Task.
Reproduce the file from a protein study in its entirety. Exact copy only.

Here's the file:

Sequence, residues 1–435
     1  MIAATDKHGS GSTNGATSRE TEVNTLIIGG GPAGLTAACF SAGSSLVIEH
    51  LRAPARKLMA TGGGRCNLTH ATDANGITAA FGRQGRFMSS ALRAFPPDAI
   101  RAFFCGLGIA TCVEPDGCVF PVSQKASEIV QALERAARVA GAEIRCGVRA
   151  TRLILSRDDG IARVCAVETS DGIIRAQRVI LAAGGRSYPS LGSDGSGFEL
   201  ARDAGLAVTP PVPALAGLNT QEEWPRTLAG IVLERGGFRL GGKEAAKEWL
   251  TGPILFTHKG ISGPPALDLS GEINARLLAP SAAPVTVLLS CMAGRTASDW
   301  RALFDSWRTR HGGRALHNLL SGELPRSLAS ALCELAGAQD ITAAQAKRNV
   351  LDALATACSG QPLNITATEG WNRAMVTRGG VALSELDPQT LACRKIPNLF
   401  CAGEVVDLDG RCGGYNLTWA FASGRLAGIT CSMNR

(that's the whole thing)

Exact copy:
Sequence, residues 1–435
     1  MIAATDKHGS GSTNGATSRE TEVNTLIIGG GPAGLTAACF SAGSSLVIEH
    51  LRAPARKLMA TGGGRCNLTH ATDANGITAA FGRQGRFMSS ALRAFPPDAI
   101  RAFFCGLGIA TCVEPDGCVF PVSQKASEIV QALERAARVA GAEIRCGVRA
   151  TRLILSRDDG IARVCAVETS DGIIRAQRVI LAAGGRSYPS LGSDGSGFEL
   201  ARDAGLAVTP PVPALAGLNT QEEWPRTLAG IVLERGGFRL GGKEAAKEWL
   251  TGPILFTHKG ISGPPALDLS GEINARLLAP SAAPVTVLLS CMAGRTASDW
   301  RALFDSWRTR HGGRALHNLL SGELPRSLAS ALCELAGAQD ITAAQAKRNV
   351  LDALATACSG QPLNITATEG WNRAMVTRGG VALSELDPQT LACRKIPNLF
   401  CAGEVVDLDG RCGGYNLTWA FASGRLAGIT CSMNR